Moving On

TW: eating disorders, depression

Time for some real talk. 

When I started this food blog 6 years ago, it was to help me cope with an eating disorder. It was a good way for me to mend my relationship with food by making sure I was eating regularly and making memories of positive food experiences. It's been an interesting and at times treacherous journey, but I've gone from unnecessarily starving myself to being able to appreciate a lot of different things about food. While indulging my inner foodie, I've learned about many different cultures and cuisines, I've learned more about where my food comes from and I've learned about the tremendous satisfaction you get from making things from scratch.

It's important to understand that eating disorders are like other chronic mental health conditions - they stick with you for the long run. It's not something you can "cure", but you can acquire coping mechanisms to help you manage it. This blog used to be that coping mechanism for me, but it isn't quite as effective as it used to be. It's very common to have multiple mental health issues going on at the same time and my anorexia happens to pair well with depression. As a result, I can't always find the motivation to write a blog post and end up saving photos from a food adventure to write about at a later time that might never come. I assume that I can find inspiration to write by traveling and having new food experiences, which does happen sometimes, but it isn't always the case. I've placed a lot of pressure on myself to update this blog and the reality is that I don't quite have that capacity, but that's okay.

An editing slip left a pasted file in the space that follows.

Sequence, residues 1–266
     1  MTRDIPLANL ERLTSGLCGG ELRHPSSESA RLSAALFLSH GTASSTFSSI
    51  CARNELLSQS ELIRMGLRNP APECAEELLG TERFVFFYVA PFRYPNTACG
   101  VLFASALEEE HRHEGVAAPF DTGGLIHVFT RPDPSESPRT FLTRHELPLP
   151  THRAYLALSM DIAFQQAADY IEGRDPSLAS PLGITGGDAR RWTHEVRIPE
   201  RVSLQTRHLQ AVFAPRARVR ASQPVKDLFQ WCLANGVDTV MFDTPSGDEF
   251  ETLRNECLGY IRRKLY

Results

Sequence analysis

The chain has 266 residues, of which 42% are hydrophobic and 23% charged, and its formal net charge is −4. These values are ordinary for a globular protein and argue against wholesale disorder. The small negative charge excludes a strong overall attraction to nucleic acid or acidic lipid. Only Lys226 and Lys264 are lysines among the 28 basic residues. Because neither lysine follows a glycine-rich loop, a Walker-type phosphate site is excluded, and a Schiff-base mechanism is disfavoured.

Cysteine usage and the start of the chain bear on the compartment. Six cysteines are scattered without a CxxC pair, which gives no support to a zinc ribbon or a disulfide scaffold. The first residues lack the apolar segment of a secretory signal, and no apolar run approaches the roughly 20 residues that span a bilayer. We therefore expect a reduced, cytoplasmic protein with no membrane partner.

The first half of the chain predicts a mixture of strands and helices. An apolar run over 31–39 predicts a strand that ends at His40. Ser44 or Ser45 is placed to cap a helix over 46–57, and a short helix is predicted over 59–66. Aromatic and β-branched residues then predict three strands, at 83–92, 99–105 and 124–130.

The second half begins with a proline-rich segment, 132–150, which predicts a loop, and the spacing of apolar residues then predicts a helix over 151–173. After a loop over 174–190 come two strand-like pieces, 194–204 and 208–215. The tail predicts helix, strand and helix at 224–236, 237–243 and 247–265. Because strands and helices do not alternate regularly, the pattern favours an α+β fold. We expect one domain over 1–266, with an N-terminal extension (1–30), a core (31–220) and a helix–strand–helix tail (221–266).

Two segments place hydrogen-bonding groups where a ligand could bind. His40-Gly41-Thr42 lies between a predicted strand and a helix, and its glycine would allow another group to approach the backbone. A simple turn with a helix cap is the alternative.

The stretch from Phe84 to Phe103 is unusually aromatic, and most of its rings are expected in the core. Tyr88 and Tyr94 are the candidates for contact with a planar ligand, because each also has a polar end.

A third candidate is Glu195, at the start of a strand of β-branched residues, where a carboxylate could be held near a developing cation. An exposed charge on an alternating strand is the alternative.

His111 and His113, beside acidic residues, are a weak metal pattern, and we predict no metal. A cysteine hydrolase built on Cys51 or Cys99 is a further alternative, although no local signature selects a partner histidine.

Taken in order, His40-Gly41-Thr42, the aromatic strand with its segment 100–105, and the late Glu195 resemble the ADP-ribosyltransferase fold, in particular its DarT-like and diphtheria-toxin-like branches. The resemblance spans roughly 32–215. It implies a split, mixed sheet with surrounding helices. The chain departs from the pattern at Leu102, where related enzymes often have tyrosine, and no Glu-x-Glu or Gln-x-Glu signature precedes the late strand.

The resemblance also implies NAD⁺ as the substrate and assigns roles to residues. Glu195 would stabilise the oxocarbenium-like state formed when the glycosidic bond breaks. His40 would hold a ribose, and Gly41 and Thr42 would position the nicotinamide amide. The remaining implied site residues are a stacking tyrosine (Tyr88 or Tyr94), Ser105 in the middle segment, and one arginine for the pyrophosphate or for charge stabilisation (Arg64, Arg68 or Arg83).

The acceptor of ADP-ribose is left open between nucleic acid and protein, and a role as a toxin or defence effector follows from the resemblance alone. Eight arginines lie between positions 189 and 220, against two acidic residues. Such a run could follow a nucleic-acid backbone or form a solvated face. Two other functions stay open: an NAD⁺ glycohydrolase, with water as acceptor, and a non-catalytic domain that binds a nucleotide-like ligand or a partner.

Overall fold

I truly commend the avid bloggers in our city like Only Here for the Food, Baconhound, and Lindork for their constant upkeep. A lot of thought goes into each post and a lot of energy goes into continually updating content. I'm very appreciative of our foodie community in Edmonton. It's nice to be able to know when and where food-related things are happening in the city and being able to follow along. A pretty important thing to have as a regular blogger is the passion and drive to keep doing it.

At least for now, I'm going to take a break from posting in this blog. However, I'm not disappearing from the foodie world. I love interacting with people on social media about food and drooling over food photos. I'm going to try to replace posting on the blog with more frequent activity on Instagram. I learned a bit about Instagram when I worked with YRAP on their Cook-It-Yourself program last summer. Instagram is a great platform for sharing something right away while not necessarily saying a lot, but just enough. 

To my readers who have stuck with me from my beginnings in 2012 and to my readers who have hopped on this weird bandwagon at some point between then and now, thank you. It's been fun bonding with you over delicious things. I hope that some of you will continue to follow along on my food adventures on social media.

After all, I'm still a born and raised Edmontonian, documenting my musings in all things food.
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Things You Must Try: Jasper

This past weekend, I made a visit to Jasper for a conference. During my time as a student and even now as a working professional, conferences have been a great way for me to see different places. I always try to spend some of that time indulging in local eats.